Illinois drivers may have less to fear at the end of the month under a new law that bans ticket quotas for police officers statewide.
A bill signed by Gov. Pat Quinn (D) on Sunday prohibits police departments from setting quotas for any period of time, a move that he said will boost public trust and “prevent motorists from facing unnecessary anxiety when they encounter a police vehicle.”
Under the law, departments are also no longer allowed to compare citation numbers when deciding officers’ promotions and raises.
State lawmakers, who overwhelmingly approved the bill, described it as a way to better deploy police resources.
“Arbitrary quotas on the number of tickets that have to be issued by police officers undermines the public trust in the police departments’ priorities,” State Rep. Jay Hoffman, a Democrat and cosponsor of the bill, said in a statement. “By eliminating these quotas, we can restore that trust and ensure that police officers are free to do their job protecting the public.”
The bill, which was years in the works, has overcome fierce criticism from police departments that defend quotas as crucial tools for motivating officers and measuring their performance.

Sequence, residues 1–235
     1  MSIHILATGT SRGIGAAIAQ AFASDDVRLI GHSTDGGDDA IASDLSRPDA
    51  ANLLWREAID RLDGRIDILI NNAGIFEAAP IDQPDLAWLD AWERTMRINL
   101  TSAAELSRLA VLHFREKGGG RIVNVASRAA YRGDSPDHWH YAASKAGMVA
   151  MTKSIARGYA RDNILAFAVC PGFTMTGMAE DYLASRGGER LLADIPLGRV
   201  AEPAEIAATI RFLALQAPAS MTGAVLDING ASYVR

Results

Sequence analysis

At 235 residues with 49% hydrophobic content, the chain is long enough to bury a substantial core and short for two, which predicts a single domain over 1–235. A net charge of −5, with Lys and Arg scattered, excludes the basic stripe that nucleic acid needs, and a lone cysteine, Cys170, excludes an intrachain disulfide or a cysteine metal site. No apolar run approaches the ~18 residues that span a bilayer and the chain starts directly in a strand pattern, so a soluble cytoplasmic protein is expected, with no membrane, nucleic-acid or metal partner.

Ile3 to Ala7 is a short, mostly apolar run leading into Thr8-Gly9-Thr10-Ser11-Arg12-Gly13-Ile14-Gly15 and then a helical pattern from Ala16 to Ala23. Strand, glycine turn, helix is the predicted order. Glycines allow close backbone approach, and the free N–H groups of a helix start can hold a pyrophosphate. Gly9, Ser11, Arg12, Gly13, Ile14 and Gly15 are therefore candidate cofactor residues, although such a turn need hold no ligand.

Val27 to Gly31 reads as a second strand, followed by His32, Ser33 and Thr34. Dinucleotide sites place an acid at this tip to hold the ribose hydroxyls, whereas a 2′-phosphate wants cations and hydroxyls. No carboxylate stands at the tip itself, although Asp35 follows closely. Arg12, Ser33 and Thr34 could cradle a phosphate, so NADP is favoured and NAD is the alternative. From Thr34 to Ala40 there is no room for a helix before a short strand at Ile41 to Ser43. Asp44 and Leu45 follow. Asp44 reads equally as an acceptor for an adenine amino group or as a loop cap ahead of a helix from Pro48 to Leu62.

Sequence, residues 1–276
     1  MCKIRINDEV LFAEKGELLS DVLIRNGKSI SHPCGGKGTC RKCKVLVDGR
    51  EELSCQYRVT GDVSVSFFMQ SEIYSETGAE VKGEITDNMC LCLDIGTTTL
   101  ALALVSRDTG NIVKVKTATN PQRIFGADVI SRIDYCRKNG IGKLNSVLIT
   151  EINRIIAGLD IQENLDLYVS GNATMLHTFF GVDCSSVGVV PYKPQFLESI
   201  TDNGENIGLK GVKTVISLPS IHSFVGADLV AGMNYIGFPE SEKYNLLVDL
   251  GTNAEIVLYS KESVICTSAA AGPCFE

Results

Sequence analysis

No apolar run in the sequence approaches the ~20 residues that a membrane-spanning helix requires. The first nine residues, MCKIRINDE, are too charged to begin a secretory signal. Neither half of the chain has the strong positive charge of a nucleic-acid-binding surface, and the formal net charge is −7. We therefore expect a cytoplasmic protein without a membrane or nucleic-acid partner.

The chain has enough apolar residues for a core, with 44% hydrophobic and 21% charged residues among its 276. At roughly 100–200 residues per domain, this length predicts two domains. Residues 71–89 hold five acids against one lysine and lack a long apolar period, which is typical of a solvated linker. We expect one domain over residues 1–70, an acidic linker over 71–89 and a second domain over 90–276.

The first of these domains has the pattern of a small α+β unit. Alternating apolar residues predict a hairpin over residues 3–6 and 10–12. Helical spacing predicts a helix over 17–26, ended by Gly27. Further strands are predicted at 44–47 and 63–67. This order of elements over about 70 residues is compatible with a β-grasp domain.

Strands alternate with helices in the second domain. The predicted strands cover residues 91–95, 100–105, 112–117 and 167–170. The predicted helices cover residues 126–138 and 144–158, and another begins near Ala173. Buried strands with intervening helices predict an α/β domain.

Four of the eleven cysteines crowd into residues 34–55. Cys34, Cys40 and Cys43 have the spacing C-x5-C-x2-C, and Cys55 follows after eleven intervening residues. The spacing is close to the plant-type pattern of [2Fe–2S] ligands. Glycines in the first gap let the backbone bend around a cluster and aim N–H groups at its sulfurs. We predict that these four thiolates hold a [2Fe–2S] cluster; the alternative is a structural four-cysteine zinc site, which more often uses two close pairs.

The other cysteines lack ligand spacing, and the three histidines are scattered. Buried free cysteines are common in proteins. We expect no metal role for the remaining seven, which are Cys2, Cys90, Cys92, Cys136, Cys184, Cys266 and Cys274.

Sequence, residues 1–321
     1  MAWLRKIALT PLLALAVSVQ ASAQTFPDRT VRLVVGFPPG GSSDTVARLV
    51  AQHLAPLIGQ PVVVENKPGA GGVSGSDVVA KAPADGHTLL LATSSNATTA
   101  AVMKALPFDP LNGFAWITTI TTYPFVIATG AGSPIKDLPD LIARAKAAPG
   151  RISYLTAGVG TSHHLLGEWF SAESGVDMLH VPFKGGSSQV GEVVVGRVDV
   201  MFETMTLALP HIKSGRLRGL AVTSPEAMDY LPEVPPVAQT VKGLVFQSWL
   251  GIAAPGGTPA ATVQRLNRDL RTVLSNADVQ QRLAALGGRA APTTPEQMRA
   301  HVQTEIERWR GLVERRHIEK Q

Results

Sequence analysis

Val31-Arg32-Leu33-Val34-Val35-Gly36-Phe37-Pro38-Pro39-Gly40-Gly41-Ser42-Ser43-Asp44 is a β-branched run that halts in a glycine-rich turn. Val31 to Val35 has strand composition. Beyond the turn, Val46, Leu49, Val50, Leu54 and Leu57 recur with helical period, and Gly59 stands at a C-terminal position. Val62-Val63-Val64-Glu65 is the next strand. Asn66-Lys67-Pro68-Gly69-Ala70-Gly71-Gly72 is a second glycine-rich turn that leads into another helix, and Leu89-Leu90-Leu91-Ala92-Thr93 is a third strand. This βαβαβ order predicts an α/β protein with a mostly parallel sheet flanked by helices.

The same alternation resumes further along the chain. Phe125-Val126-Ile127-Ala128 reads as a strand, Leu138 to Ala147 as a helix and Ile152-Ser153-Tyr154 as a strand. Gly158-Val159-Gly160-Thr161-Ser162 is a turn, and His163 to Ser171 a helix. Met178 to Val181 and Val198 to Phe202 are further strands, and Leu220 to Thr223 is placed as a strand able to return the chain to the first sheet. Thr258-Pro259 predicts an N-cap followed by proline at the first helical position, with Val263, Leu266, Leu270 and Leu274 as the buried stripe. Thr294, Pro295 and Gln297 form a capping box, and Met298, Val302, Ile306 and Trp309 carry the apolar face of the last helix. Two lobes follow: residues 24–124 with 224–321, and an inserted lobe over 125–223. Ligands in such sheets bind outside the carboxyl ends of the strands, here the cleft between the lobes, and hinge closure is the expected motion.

Steven Settingsgaard, the chief of police in a small city along the Illinois River called Peoria, told lawmakers in 2010 that his officers are expected to write up 10 traffic and municipal ordinance violations each month. Without the quota, he warned that officers would slack on enforcement, according to a report then by the Peoria Journal Star.
The issue also heated up last summer in a town in southern Illinois called Carbondale, where all 60 officers were told to file 40 reports of “suspicious characters” each month, according to the Carbondale Times.
The Oklahoma legislature also approved a bill this year to prohibit departments from considering ticket quotas in job evaluations, though it has not yet been signed by the governor.
And while ticket quotas are banned in California, Los Angeles police have paid out more than $10 million for lawsuits alleging “secret ticket quotas” for city police officers.